Washington — The United Nations Security Council (UNSC) Thursday have renewed an initial one-year mandate for the panel of experts set up to oversee the arms embargo in Darfur and sanctions against those impeding peace in the region.
The panel, which is currently chaired by Argentinean Maria Cristina Perceval, was established on 29 March 2005 to monitor the arms embargo on the Janjaweed militias and "the parties to the N'djamena Ceasefire Agreement and any other belligerents".
The committee has also been monitoring the implementation of individual and travel sanctions, including notorious militia leader Musa Hilal and the former commander of the western military region, General Mohamed Gaffar Elhassan.
The UNSC on Thursday endorsed resolution 2091 (2013) under the Chapter of the UN Charter, extending the panel's mandate for the period ending 31 December 2013.
The 15-member body also expressed concern that some technical assistance to Sudan could be used for military purposes and constitutes a violation of the arms embargo decided in 2004, with all states urged to be mindful of the risks.
In its report to the UNSC, the panel raised the issue of Ghassan Schbley, a US national and member of the panel, who was prevented from entering Sudan on 4 December 2012 by the security service because of his activities when he was a member of another UN panel on Somalia/Eritrea sanctions.
The report, which covers the panel's activities from 1 January to 31 December 2012, also blamed Khartoum for not implementing travel and financial sanctions. It also reported on the "continued violations of the arms embargo, international humanitarian law and human rights perpetrated in Darfur".
However, in its resolution, drafted by the US delegation, the UNSC expressed its support for the Doha Document for Peace in Darfur and urged political talks to end the 10-year conflict.
"Expressing concern about the political and military links between non-signatory armed groups in Darfur and groups outside Darfur, and demanding that any form of direct or indirect external support for such groups ceases, and condemning any actions by any armed group aimed at forced overthrow of the government of Sudan", the resolution further stated.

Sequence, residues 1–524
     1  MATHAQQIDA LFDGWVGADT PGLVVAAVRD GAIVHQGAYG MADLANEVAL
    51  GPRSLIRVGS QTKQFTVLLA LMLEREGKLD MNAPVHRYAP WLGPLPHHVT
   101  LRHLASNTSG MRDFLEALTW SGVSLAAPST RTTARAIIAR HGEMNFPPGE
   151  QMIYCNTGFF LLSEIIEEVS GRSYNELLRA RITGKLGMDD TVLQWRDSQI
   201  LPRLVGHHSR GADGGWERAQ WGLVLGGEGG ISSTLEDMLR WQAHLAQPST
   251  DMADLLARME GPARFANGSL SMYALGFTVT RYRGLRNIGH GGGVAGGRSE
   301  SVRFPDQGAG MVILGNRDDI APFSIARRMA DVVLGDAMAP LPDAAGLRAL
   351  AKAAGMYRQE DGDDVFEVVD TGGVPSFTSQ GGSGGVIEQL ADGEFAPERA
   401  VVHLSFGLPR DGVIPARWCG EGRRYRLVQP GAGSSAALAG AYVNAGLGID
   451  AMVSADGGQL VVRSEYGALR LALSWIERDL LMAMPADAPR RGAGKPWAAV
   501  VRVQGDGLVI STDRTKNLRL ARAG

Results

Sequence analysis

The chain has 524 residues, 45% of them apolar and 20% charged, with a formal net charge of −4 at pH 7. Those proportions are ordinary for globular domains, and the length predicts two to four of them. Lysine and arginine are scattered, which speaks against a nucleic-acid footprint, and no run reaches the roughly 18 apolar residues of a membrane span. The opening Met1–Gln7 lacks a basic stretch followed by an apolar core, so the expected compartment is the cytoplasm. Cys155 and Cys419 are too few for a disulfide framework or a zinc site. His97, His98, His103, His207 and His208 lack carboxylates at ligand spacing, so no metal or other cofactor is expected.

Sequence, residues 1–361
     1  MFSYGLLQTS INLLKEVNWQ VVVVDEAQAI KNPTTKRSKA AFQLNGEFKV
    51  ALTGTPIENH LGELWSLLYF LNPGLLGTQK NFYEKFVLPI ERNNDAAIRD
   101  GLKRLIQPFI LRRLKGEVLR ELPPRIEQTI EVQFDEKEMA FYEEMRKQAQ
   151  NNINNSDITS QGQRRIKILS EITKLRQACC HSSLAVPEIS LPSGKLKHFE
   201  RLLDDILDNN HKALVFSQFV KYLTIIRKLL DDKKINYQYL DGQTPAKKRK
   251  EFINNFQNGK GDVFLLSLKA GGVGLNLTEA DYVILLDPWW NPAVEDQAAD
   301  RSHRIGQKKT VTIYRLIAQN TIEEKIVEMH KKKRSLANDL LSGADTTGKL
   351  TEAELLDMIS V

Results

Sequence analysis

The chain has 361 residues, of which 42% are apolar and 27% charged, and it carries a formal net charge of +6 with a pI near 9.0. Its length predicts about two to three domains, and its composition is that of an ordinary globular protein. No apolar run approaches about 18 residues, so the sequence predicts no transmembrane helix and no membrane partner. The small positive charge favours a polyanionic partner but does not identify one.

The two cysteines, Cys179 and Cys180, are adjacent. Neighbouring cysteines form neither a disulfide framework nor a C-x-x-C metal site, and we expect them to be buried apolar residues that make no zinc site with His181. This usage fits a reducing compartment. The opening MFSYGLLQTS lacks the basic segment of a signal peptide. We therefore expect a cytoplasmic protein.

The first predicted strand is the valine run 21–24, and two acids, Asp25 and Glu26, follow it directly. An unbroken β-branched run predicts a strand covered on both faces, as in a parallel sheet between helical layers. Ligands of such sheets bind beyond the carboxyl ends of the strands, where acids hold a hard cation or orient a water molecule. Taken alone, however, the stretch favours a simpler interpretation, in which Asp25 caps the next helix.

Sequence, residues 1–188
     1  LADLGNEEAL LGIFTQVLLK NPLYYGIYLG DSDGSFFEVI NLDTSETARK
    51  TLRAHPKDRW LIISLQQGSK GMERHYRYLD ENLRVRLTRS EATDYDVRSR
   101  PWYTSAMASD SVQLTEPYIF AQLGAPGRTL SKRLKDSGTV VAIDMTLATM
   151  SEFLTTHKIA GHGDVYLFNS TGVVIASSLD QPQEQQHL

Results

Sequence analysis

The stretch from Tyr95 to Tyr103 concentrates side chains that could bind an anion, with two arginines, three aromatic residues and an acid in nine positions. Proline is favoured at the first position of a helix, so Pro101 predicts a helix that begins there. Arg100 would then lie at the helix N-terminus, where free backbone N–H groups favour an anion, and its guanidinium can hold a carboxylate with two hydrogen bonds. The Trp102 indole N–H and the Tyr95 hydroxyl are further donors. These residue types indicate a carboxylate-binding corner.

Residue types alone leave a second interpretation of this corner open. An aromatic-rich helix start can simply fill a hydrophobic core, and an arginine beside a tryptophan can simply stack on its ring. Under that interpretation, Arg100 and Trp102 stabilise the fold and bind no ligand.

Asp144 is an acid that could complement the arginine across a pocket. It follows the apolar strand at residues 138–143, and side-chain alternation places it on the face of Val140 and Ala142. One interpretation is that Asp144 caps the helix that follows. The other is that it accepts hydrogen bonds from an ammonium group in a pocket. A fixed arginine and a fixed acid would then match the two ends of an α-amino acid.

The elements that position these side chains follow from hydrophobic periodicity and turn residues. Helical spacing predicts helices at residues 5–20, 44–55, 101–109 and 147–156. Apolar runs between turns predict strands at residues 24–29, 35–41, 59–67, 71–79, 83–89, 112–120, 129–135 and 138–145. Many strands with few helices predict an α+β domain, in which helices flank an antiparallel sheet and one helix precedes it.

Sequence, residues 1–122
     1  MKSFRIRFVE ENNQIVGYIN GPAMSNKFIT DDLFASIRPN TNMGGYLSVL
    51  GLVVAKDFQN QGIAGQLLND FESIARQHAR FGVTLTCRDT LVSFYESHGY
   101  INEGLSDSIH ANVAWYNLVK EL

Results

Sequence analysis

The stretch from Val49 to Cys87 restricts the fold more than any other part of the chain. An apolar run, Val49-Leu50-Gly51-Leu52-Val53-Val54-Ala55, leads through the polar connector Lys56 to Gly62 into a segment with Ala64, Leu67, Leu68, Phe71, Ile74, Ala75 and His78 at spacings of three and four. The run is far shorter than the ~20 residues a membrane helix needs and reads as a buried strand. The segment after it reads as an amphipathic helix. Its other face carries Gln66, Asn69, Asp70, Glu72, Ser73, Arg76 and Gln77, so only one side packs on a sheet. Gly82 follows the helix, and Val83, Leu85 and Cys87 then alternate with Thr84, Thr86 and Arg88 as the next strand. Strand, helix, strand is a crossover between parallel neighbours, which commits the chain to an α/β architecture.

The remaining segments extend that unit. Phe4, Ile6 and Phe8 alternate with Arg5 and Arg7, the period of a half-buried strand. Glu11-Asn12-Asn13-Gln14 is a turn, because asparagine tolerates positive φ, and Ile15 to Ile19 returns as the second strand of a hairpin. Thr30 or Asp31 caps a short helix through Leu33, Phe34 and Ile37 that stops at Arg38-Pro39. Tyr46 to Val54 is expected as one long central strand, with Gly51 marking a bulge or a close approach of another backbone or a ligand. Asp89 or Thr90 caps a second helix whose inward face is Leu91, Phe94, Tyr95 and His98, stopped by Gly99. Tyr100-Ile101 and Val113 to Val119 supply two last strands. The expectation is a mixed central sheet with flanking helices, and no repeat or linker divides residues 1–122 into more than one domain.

The UNSC also requested the panel assess progress towards removing impediments to the political process, as well as threats to stability in Darfur and the region,
The panel was asked to provide monthly updates to the council about violations of international humanitarian or human rights law or other atrocities committed, including sexual and gender-based violence and grave violations and abuses against children.
It has also been asked to provide the Sanctions Committee with information on the individuals and entities that meet the criteria for listing.
The Sudanese ambassador to the United Nations, Daffa-Alla Elhag Ali Osman, underlined in his speech before the council that his government continues to cooperate with the Sanctions Committee and the expert panel since its creation in 2005.
However, he said Sudan could refuse to cooperate with any member of the panel if he is involved in any activities that constituted a threat to national security, suggesting that in such a case, the UN should replace him.
He further denied that Sudan uses technical assistance for military purposes, describing the statement as a "fallacious" claim, saying Sudan used its air capacities only "for peaceful and civilian purposes".
The report by the panel of experts is usually confidential, with some believing it should be released for the sake of transparency, while others argue against its publication, saying it often contains inaccuracies.
Normally only a letter from the head of the panel to the UNSC summarising its activities is annually published.